Monkey 1932 1944 1956 1968 1980 1992 2004
Rooster 1933 1945 1957 1969 1981 1993 2005
Dog 1934 1946 1958 1970 1982 1994 2006
Boar 1935 1947 1959 1971 1983 1995 2007
So, whether you celebrate Chinese New Year or not, I’m taking this opportunity to say hello, wish you good fortune and hope that this new lunar year brings you much joy, happiness and good health.
The recipes are below or you can click for a printer-friendlier version here.
Lots of love
Steamed pork and prawn dumplings (makes 8 dumplings)
150 grams minced pork
150 grams raw tiger prawns, peeled and roughly chopped
2 large spring onions, finely chopped
1 tablespoon grated fresh root ginger
1½ tablespoon light soy sauce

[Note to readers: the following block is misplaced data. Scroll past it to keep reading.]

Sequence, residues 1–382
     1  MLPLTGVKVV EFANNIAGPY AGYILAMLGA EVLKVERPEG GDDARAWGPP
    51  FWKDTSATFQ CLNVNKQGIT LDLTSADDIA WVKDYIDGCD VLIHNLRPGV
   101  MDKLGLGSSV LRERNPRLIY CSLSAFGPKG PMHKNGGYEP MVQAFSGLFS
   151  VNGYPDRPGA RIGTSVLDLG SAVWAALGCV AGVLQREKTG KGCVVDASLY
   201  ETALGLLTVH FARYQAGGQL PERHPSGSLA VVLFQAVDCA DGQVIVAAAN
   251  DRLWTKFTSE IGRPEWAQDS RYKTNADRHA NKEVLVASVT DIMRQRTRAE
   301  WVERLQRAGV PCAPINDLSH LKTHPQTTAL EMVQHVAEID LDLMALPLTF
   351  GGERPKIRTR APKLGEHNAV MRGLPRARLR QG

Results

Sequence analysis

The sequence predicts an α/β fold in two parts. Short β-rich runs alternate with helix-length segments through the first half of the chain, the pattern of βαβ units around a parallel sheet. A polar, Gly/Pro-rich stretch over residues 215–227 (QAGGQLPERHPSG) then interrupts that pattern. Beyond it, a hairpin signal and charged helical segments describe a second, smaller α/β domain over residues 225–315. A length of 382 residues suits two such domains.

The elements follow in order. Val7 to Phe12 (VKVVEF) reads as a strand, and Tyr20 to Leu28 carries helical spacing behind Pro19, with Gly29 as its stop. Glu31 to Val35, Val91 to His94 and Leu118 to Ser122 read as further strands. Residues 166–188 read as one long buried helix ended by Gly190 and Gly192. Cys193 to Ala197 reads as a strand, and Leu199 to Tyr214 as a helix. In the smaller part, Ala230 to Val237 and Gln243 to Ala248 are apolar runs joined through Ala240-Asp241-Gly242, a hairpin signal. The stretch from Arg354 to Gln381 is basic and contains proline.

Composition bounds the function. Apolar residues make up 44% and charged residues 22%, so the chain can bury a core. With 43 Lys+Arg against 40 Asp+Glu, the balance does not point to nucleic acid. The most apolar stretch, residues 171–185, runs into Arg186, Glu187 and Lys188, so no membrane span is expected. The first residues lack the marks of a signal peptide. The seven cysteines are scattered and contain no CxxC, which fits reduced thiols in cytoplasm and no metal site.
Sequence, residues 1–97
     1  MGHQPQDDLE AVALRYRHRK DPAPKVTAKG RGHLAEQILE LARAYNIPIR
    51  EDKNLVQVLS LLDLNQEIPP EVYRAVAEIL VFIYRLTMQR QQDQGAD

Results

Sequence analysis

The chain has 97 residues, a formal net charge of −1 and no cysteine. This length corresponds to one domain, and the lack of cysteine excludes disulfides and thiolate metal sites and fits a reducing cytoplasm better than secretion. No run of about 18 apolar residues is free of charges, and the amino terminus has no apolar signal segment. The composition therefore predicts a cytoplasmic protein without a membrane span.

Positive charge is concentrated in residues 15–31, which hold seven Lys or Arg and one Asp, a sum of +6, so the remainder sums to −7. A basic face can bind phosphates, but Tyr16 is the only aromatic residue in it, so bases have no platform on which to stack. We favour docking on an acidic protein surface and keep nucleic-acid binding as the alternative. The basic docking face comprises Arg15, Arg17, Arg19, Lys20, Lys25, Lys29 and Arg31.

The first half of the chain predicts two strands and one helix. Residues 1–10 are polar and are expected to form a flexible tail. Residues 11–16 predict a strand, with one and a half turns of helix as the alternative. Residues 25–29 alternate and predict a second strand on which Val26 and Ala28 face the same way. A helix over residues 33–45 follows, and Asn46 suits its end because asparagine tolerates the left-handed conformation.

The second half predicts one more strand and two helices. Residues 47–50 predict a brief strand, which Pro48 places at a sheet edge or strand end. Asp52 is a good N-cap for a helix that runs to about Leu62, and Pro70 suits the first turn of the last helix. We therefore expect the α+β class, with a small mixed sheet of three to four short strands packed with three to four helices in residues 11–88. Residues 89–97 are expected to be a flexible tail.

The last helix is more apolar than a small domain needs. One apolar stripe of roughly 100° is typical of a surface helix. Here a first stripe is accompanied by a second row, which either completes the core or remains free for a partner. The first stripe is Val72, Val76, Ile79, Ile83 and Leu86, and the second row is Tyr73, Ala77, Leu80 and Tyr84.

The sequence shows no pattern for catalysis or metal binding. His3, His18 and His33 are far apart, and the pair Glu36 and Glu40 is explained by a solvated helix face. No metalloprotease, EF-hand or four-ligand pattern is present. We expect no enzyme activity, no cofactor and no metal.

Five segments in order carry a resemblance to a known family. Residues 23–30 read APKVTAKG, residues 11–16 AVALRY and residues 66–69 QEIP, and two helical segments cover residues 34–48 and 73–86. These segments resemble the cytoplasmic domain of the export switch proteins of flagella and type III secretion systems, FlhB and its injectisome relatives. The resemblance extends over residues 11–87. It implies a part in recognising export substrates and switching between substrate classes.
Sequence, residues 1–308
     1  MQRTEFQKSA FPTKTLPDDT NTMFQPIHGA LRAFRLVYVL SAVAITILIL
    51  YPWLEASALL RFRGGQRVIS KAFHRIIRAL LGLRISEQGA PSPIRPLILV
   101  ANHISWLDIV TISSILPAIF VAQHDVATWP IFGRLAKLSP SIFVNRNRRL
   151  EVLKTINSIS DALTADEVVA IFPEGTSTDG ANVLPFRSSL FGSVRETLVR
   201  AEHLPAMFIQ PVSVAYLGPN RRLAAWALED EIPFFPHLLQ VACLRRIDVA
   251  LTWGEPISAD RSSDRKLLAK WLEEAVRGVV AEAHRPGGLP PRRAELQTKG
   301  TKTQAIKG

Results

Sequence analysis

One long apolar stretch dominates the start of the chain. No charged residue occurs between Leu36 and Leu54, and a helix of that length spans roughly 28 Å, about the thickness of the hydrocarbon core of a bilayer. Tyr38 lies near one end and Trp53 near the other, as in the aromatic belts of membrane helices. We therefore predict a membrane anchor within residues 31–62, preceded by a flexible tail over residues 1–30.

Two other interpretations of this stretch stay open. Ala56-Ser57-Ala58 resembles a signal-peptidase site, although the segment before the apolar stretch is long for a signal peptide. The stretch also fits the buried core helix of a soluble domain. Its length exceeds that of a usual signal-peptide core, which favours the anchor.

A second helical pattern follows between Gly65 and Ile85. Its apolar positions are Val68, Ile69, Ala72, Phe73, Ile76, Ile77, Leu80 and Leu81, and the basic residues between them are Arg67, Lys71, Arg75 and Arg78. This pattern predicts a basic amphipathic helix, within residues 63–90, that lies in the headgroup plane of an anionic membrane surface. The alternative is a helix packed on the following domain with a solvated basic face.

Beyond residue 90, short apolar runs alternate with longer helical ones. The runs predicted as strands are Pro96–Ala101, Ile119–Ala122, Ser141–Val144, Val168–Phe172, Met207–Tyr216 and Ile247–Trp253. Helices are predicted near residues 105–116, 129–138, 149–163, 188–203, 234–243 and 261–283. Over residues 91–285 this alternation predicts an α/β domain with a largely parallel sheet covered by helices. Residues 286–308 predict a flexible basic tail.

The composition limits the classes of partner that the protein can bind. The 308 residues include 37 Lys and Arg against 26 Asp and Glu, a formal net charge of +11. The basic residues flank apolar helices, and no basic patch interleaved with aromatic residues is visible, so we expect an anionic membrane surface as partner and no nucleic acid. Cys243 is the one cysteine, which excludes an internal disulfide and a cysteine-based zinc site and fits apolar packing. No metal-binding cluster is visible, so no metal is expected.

1½ tablespoon shao xing rice wine or dry sherry
1 teaspoon toasted sesame oil
2 teaspoon cornflour
sea salt and freshly ground black pepper
(optional) 8 goji berries
16 wanton skins/wrappers
Put your wanton wrappers to one side and in a large bowl, mix all of your ingredients together. When thoroughly combined, divide the mixture into half, placing one half in another bowl.
To make the shui mai, place roughly about 2 teaspoons of filling into the centre of a wanton wrapper. Gather the sides up (leaving the centre open, and roughly mold the wrappers around the mixture into a squarish shape. Top each dumpling with a goji berry (you can also substitute goji berries with some red salmon or sturgeon roe).
Place in a steamer and steam for 6-8 minutes.